Scaling in Biology

Scaling in Biology

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Description

Scaling relationships have been a persistent theme in biology at least since the time of Leonardo da Vinci and Galileo. Because scaling relationships are among the most general empirical patterns in biology, they have stimulated research to develop mechanistic hypotheses and mathematical models. While there have been many excellent empirical and theoretical investigations, there has been little attempt to synthesize this diverse but interrelated area of biology. In an effort to fill this void, Scaling in Biology, the first general treatment of scaling in biology in over 15 years, covers a broad spectrum of the most relevant topics in a series of chapters written by experts in the field. Some of those topics discussed include allometry and fractal structure, branching of vascular systems of mammals and plants, biomechanical and life history of plants, invertebrates and vertebrates, and species-area patterns of biological diversity. Many more examples are included within this text to complete the broader picture. Scaling in Biology conveys the diversity, promise, and excitement of current research in this area, in a format accessible to a wide audience of not only specialists in the various sub-disciplines, but also students and anyone with a serious interest in biology.show more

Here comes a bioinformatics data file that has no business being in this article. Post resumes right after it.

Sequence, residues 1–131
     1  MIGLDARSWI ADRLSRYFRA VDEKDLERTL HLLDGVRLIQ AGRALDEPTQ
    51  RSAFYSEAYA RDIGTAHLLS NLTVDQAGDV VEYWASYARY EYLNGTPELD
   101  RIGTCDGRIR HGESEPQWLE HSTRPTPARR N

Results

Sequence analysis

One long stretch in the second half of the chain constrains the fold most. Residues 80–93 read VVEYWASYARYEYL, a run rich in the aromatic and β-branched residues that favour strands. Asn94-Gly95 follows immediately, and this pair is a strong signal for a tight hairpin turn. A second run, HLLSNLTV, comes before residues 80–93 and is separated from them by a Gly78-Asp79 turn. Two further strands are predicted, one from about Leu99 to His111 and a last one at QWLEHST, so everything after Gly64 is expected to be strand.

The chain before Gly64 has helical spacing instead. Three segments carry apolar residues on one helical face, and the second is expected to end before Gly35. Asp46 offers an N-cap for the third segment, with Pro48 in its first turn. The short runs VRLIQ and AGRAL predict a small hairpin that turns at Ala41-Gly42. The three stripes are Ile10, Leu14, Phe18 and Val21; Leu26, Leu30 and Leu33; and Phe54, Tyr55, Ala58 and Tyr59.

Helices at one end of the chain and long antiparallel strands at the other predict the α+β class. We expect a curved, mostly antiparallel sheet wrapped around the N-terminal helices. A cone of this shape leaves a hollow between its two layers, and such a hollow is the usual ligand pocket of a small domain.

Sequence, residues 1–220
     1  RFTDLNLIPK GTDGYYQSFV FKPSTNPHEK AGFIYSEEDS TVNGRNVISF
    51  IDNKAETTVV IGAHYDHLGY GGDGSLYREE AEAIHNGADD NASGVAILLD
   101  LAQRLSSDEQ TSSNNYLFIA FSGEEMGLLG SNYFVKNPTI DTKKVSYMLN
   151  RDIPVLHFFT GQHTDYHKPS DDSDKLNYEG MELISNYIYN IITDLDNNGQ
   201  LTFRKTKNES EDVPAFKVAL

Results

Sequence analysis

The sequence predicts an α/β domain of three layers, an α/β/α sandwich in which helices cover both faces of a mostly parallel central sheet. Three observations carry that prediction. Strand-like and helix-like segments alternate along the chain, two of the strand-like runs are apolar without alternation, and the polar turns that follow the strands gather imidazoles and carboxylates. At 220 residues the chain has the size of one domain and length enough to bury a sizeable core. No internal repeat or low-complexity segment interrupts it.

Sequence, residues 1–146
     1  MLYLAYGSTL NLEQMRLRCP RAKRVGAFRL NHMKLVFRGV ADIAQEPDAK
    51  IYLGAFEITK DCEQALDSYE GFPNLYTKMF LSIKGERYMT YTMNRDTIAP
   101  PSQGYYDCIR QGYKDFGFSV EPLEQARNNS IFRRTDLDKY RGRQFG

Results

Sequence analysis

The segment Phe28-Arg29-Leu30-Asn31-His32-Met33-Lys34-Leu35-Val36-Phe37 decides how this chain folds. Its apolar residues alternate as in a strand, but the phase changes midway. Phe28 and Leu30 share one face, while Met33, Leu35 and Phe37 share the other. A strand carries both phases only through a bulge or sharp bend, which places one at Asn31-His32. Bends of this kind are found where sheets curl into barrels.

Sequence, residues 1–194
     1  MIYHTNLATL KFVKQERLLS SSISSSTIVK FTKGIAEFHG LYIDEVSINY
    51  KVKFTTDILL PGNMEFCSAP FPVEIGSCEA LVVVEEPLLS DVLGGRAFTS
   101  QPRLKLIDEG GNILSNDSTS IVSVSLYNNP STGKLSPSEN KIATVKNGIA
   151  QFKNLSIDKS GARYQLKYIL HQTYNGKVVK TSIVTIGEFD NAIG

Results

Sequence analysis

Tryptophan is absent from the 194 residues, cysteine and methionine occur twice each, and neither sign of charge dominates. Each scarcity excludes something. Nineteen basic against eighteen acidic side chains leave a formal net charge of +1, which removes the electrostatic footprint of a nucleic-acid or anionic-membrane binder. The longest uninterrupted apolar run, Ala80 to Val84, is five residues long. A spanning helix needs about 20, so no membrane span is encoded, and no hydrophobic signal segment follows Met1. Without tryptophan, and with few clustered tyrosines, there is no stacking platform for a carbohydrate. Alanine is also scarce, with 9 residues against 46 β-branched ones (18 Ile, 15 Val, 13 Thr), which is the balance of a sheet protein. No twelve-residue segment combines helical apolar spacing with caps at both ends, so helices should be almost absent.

Product details

  • Hardback | 366 pages
  • 160.02 x 233.68 x 22.86mm | 639.56g
  • Oxford University Press Inc
  • New York, United States
  • English
  • 019513141X
  • 9780195131413

Table of contents

Scaling in biology - patterns and processes, causes and consequences; allometry and natural selection; hovering and jumping - contrasting problems in scaling; scaling of terrestrial support; consequences of size change during ontogeny and evolution; the origin of universal scaling laws in biology; scaling and invariants in cardiovascular biology; vascular system of the human heart; constrained constructive optimization of arterial tree models; quarter-power allometric scaling in vascular plants; twigs, trees, and the dynamics of carbon in the landscape; cell size, shape, and fitness in evolving populations of bacteria; does body size optimization alter the allometries for production and life history traits?; why and how phylogenetic relationships should be incorporated into studies of scaling; individual energy use and the allometry of population density; scaling in biology, from organisms to ecosystem; scaling and self-similarity in species distributions.show more

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